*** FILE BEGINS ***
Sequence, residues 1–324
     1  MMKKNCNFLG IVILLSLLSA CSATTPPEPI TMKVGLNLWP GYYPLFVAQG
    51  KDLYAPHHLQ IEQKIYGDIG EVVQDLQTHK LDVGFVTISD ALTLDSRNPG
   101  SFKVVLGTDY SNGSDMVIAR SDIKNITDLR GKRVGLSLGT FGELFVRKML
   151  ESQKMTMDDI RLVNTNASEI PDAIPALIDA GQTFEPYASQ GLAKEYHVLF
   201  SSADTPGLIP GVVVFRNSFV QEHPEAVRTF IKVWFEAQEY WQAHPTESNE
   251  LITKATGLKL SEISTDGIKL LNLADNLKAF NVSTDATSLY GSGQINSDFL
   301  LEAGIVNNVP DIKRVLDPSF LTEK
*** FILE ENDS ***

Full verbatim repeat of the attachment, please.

Sequence, residues 1–324
     1  MMKKNCNFLG IVILLSLLSA CSATTPPEPI TMKVGLNLWP GYYPLFVAQG
    51  KDLYAPHHLQ IEQKIYGDIG EVVQDLQTHK LDVGFVTISD ALTLDSRNPG
   101  SFKVVLGTDY SNGSDMVIAR SDIKNITDLR GKRVGLSLGT FGELFVRKML
   151  ESQKMTMDDI RLVNTNASEI PDAIPALIDA GQTFEPYASQ GLAKEYHVLF
   201  SSADTPGLIP GVVVFRNSFV QEHPEAVRTF IKVWFEAQEY WQAHPTESNE
   251  LITKATGLKL SEISTDGIKL LNLADNLKAF NVSTDATSLY GSGQINSDFL
   301  LEAGIVNNVP DIKRVLDPSF LTEK